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Sol Lewitt: Concrete Block Structure / Fred Sandback: Sculptures    Apr 26 - Jun 7, 2013

Fred Sandback
Untitled, 1985
Installation View
Installation View
Untitled, 1970
Untitled (Sculptural Study, Broken Line)
Untitled (Sculptural Study, Broken Line), 1989
Untitled (Sculptural Study, Six-Part Vertical Construction)
Untitled (Sculptural Study, Six-Part Vertical Construction), circa 1996-2013
Untitled (Three-part Construction)
Untitled (Three-part Construction), 2002-2010
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"Three dimensional art of any kind is a physical fact. This physicality is its most obvious and expressive content. Conceptual art is made to engage the mind of the viewer rather than his eye or emotions. The physicality of a three-dimensional object then becomes a contradiction to its non-emotive intent. - Sol LeWitt

Rhona Hoffman Gallery is pleased to present two solo exhibitions, Sol Lewitt: Concrete Block Structure and Fred Sandback: Sculptures.

In 1985, Sol LeWitt’s first cement Cube was built in a park in Basel, Switzerland and marked the debut of a series of experiments with concrete block structures. The choice of material originated during LeWitt’s residence in Umbria, Italy in the early eighties. For LeWitt, the concrete block satisfied his quest for a material that was common and accessible. Aligned with his development of a single idea through multiple modular method of construction, the concrete block became a new module like the square or cube of previous works. The modest building component conjures an association to architectural necessity as opposed to considered formal design.

The material is wrought with contradictions: impenetrable yet vulnerable, unfinished yet resolved, grounded yet mobile. LeWitt’s concrete block structures were more public than his previous three-dimensional work, not only in their locations but also in their reference to history and archaeological memory.

The concrete block structure on view at Rhona Hoffman Gallery, Negative Pyramid, references the mausoleums and temples of Egypt and pre-Colombian Mesoamerica. Yet, born against the backdrop of a “countermonument” trend of the eighties, the concrete block structures resist direct connection to any specific event. Negative Pyramid proposes a passage to an indeterminate destination. Its terraced formation presents a grid or map measuring the intervals between one potential point in space and another. Its orientation in the gallery suggests site-specificity, differentiating it from its original installation in Galerie Pièce Unique in Paris in 1997.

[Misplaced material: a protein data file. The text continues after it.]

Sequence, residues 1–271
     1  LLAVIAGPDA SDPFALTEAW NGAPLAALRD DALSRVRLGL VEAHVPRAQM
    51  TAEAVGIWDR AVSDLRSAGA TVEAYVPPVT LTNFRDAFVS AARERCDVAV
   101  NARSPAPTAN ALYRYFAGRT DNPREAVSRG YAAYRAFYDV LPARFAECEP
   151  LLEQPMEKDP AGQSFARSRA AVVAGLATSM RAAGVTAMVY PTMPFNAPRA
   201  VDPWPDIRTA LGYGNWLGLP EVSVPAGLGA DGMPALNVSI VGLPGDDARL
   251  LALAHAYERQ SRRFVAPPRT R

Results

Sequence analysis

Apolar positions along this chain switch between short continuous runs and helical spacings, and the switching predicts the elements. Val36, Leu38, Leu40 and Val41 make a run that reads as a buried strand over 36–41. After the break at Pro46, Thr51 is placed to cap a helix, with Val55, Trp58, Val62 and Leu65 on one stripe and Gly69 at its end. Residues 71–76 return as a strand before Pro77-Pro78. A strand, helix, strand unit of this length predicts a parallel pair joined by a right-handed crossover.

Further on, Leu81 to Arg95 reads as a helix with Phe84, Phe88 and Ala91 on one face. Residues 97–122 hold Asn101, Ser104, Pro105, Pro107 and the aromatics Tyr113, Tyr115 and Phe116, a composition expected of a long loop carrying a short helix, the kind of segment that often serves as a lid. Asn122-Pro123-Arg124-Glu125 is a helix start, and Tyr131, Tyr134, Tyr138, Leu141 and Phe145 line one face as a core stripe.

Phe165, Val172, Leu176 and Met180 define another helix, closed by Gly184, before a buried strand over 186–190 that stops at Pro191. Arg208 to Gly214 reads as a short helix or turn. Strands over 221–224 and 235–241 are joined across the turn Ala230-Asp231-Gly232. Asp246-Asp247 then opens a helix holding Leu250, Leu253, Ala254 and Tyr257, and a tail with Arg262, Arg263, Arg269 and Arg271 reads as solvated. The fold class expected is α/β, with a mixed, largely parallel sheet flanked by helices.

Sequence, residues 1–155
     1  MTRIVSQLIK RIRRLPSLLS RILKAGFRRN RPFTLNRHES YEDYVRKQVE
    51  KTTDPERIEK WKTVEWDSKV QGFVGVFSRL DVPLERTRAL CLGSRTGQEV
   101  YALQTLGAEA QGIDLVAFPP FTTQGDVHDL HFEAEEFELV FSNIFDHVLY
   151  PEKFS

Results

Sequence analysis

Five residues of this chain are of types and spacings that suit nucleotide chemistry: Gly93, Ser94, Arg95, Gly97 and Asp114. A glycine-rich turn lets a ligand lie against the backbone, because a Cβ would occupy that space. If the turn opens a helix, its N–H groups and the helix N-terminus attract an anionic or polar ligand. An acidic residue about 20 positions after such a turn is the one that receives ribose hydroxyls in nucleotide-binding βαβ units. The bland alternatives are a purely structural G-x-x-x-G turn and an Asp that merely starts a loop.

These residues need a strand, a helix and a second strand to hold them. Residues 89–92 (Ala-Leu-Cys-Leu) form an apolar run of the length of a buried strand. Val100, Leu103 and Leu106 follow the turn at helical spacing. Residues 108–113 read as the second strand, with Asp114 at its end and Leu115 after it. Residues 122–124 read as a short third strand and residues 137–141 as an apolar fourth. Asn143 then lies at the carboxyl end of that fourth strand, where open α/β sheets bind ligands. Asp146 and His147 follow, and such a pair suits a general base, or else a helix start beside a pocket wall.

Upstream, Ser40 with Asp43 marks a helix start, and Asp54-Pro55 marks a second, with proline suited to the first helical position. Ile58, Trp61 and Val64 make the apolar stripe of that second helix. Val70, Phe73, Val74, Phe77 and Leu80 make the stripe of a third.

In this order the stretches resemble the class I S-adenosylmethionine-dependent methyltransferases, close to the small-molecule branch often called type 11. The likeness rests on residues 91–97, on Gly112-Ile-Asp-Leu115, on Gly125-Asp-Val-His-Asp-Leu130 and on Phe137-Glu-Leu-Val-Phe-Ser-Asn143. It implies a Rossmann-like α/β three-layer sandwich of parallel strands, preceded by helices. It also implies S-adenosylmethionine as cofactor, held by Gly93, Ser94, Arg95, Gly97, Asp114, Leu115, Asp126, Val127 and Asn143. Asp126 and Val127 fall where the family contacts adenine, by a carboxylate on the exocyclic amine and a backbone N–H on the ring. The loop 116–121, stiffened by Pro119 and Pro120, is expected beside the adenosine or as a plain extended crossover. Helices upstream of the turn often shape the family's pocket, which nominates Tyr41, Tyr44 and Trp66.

Also visible from the street and exhibited in the building’s hallway is Sol LeWitt’s Wall Drawing 644, first installed in the Galleria Ugo Ferranti in Rome in 1990. Using color ink wash and pencil, this Wall Drawing is another example of LeWitt’s use of a formula composed of a vocabulary of elementary forms and techniques. Executed directly on the wall from a set of precise instructions, the drawing integrates the draftsman’s decisions and references the architecture of the site. Sol LeWitt: Concrete Block Structure is the gallery’s thirteenth solo exhibition of LeWitt’s work.

Exhibited concurrently with Sol LeWitt: Concrete Block Structure is the solo exhibition Fred Sandback: Sculptures. In 1986 Sandback, in looking back over twenty years of a consistent art practice, wrote "The first sculpture I made with a piece of string and a little wire was the outline of a rectangular solid . . . lying on the floor. It was a casual act, but it seemed to open up a lot of possibilities for me." This exhibition marks the 6th solo exhibition for the artist at Rhona Hoffman Gallery and the gallery is featuring sculptures that span the period from 1976 to 2002.

The sculptures are composed of acrylic yarn, a material that for Sandback held no significant associations. The yarn’s soft, fuzzy profile invokes a less crisp line than that produced by other mediums, and its fiber makeup absorbs rather than reflects light. The resulting effect allows for a seamless and symbiotic relationship between the material, its composition and the site it inhabits. The mutable character of any Sandback sculpture is relative to its site, and its proportions are calibrated in response to the site’s architecture.

While the line of yarn never posits to be more than a line, the linear imagination of the viewer envisions a plane. Trajectory, ascent and descent (the inherent qualities of a line) subside as the vibration of the invisible planes take precedence. The otherwise elusive void or vacancy is given form, illustrating Sandback’s ability to reveal the relationships between the incorporeal and concrete, the ethereal and the tangible.

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